Assistive technology as a supplementary aide and/or services is when a student has been determined to be in need of some type of assistive technology based upon assessment. This recommended technology can be made by any number of sources such as the diagnostician, vision teacher, teacher, speech language pathologist, OT/PT, deaf educator, or Assistive Technology Team member. The student uses the technology without direct services by the provider although periodic consultative services may be recommended.


Audiology services available in Garland ISD include conducting comprehensive diagnostic audiological evaluations, identifying hearing loss through the district-wide state mandated hearing screenings on each GISD campus, and making appropriate medical, educational, and community referrals for our hearing impaired students.

GISD audiologists assist in program placement and recommendations for hearing impaired students as a member of the educational team. They recommend amplification devices such as personal hearing aids, providing and monitoring of FM listening systems and other assistive listening devices. The audiologists are responsible for training on hearing conservation and hearing impairments to school personnel, students, and parents.

In–Home training

In-Home or community training assists students with the generalization of skills to the home and/or community settings. Initially, the Home Trainer will be primarily responsible for the implementation of the generalization activities. As generalization occurs, training should shift from the trainer to the parent for the maintenance of target skills/behaviors. Focus for In-Home Training is on the needs of the child.

See our upcoming training sessions on our parent workshops calendar.

Occupational therapy/Physical therapy

Educationally based occupational and/or physical therapy is provided, as a related service, to enhance the special education student's ability to adapt to and physically function within an educational environment.

The role of the occupational and/or physical therapist is to facilitate a student's functioning in the school setting. The goal of educationally relevant therapy is to minimize the effects of the student's disability on his or her ability to participate in the educational process.

The OT/PT therapist observes the student's functional skills and offers compensatory strategies to promote functional independence within the individualized educational program (IEP). In the school setting, educational objectives hold primary position while therapy objectives are considered secondary and are undertaken to support the educational objectives. Services are generally consultative in nature with implementation of the therapist's recommendations by the teacher, assistant, or parent.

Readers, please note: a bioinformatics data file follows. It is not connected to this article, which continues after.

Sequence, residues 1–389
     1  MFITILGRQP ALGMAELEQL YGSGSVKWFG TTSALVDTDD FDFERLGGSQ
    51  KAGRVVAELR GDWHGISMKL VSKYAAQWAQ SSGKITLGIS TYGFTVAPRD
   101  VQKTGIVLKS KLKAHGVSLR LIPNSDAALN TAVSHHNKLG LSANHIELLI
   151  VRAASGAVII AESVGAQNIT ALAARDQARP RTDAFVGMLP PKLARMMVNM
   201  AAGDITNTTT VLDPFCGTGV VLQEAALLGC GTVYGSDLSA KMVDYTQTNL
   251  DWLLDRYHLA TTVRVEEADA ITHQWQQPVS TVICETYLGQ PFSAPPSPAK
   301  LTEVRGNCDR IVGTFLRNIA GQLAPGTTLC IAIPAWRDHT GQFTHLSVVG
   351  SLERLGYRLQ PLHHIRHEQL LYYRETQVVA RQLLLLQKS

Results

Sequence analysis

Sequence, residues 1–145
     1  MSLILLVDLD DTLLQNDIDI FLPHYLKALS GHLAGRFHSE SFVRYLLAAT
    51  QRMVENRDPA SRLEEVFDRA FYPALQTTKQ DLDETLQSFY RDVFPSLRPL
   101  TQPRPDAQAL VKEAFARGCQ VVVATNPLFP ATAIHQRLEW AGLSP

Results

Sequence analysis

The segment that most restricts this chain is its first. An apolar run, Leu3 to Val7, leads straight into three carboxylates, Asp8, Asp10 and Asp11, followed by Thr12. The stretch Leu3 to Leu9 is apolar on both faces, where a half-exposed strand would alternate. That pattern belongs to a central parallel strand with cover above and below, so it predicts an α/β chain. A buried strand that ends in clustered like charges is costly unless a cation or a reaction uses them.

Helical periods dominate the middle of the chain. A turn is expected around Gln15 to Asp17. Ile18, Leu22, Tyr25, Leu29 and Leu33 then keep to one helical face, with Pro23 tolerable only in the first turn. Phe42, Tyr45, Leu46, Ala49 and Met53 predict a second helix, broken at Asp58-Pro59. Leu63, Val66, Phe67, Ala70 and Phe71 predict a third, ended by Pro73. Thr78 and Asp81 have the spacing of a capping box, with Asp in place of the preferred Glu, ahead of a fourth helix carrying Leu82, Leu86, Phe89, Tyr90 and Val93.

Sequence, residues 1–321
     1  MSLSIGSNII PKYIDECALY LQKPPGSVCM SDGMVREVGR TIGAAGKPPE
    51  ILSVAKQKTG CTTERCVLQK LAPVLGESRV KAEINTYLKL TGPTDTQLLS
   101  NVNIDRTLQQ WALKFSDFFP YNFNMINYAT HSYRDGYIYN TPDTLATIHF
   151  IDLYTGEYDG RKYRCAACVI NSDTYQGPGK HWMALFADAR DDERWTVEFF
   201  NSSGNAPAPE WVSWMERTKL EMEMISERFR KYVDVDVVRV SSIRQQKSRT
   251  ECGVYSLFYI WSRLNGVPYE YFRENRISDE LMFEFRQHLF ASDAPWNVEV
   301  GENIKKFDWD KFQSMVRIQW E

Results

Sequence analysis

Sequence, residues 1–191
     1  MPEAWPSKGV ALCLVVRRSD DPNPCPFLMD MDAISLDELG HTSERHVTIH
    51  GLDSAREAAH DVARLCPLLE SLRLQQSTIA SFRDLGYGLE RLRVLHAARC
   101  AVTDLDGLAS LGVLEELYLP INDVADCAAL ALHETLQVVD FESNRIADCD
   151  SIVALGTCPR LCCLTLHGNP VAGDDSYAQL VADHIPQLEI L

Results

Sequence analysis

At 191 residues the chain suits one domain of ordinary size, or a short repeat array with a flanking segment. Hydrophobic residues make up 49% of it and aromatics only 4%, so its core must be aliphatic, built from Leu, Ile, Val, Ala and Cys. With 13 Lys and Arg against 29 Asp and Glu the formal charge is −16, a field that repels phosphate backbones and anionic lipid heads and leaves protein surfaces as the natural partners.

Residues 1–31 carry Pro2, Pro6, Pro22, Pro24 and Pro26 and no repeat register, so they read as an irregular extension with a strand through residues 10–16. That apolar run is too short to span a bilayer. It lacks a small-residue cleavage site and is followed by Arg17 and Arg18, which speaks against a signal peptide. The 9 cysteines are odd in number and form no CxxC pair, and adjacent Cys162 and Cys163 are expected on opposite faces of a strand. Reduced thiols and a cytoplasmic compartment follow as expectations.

OT and/or PT services will be provided in the least restrictive environment (LRE), which generally means the classroom. By providing services in the classroom the therapist offers strategies needed for the student's daily activities with active teacher/assistant involvement. These strategies may include handling techniques, classroom modifications, and/or adaptive equipment.

Psychological services

The primary functions of the Licensed Specialist in School Psychology (LSSP) include conducting comprehensive psychological assessments of students referred for special education services; participating in the development of IEPs; consulting with teachers and parents; and staff training in managing students with special needs and students with learning and behavioral difficulties.


Transportation for Special Education students is available for students who need this as a related service according to the ARD. In order to receive transportation as a related service, the ARD/IEP committee shall document eligibility and need. Eligibility for special transportation must be re-established at every annual ARD and each time a student changes residence or campus.

In compliance with federal regulations, GISD ensures that each educational placement of a student with disabilities is on a campus as close as possible to the student's home with available space in the appropriate program.

If the parent of a transportation eligible student decides to enroll the student on a campus other than the placement campus designated by the ARD/IEP committee, the parent may waive transportation as a related service and provide their own transportation to and from school for their child, if there is available space.

Community-based training

In-Home/Community Based Training is to helps students with the generalization of skills to the home, school and community settings. The focus for In-Home Training is on the needs of the child.

Parent/Family training

The purpose of parent support is to provide parents with the necessary skills and techniques to assist their child with ongoing development and maintenance of skills and behaviors.

Parent Education and Training workshops

Monthly parent education and training workshops are offered to support families of all ages with special needs on a variety of topics including behavior, communication, self-helps skills, social skills and much more.

See the parent workshop calendar for upcoming sessions.